Until then, the market is hostage to one thing, which means that one thing has all the power needed to bring the market down. If the market ever loses confidence in Trump trade tweets, that alone will bring a bad fall since that is all it is hanging from now. However, I don’t know that anything can convince it that China is in this for the long haul, willing to wait out the 2020 election.
After seeing the market’s bouncy ways these past few days on the hopes that December tariffs would be postponed, one can read in that wave action how the market hangs on that hope. If the tariffs do go into force on December 15th, the market will throw a tantrum, and Trump may very well feel empowered to move forward with those tariffs, just as he felt empowered in starting new tariffs with parts of South America and threatening new tariffs on France because the Fed now has QE4ever undergirding him as he wanted and the stock market still residing near record highs.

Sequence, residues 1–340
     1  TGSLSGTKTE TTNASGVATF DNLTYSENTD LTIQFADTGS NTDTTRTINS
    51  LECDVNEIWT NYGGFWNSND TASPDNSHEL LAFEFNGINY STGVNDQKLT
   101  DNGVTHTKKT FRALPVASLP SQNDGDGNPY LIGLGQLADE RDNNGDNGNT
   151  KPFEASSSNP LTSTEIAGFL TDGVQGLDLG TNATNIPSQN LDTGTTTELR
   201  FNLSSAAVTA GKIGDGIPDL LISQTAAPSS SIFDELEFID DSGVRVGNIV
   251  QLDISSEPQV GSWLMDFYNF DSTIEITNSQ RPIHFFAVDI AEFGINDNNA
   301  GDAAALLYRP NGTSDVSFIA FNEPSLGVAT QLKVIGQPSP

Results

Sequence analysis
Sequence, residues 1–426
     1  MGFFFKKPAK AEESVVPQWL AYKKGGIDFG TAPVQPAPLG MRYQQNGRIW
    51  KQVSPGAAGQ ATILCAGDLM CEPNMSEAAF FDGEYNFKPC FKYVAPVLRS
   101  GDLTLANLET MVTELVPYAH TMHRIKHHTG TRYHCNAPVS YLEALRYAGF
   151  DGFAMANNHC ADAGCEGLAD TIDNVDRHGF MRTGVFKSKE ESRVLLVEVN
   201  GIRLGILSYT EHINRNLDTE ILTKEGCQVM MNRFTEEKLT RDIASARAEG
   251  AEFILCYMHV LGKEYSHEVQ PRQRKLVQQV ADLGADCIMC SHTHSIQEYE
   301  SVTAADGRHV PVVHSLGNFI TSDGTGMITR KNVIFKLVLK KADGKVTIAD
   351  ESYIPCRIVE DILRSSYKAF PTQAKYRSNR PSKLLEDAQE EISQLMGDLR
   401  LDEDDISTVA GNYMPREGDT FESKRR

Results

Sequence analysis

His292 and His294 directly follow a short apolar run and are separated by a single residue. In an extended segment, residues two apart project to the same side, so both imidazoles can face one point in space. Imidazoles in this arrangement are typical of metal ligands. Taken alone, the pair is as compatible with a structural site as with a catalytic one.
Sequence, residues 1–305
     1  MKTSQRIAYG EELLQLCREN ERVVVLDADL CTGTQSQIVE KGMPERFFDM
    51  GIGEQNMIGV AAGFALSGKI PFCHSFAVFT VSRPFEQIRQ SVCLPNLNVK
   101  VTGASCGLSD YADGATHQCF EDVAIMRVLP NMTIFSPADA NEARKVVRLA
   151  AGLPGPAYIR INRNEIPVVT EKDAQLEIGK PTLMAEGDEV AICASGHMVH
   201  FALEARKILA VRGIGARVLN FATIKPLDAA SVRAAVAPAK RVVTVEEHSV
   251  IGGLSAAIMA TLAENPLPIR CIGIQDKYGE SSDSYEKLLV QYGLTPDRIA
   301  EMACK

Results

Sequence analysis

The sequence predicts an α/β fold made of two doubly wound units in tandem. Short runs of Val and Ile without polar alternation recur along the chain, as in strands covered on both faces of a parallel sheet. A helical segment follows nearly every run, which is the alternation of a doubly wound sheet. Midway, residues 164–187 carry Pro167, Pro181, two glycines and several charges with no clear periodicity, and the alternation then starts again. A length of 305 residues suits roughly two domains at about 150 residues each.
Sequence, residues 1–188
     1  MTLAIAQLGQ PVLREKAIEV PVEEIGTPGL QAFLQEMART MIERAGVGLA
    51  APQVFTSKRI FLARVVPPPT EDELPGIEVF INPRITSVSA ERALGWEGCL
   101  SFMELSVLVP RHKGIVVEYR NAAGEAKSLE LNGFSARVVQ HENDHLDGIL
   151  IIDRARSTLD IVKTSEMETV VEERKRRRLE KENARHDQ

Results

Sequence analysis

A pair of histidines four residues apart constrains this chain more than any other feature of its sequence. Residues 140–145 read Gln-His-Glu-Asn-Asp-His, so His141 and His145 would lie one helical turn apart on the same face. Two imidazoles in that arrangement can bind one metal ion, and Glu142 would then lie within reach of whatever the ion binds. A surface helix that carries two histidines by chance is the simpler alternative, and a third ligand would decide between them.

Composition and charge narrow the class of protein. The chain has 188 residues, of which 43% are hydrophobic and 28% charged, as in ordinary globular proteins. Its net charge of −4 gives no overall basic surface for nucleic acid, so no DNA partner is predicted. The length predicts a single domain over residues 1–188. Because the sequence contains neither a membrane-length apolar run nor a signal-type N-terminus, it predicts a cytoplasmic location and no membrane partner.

Whether that will be enough of a jolt to break through the false hope that a trade deal will turn the world right again, I don’t know. I doubt it. It will be a big December jolt if that happens, but I think it will take months of attrition from recession to keep wearing down these false hopes to bring the market down as far as it needs to go to align with the economy … because….
Even if the new tariffs go into effect, and the market falls spectacularly for a couple of days, Trump will again tweet of trade talks in January looking strong, and the slavering market will grasp what it can, relieved to hope all is well again.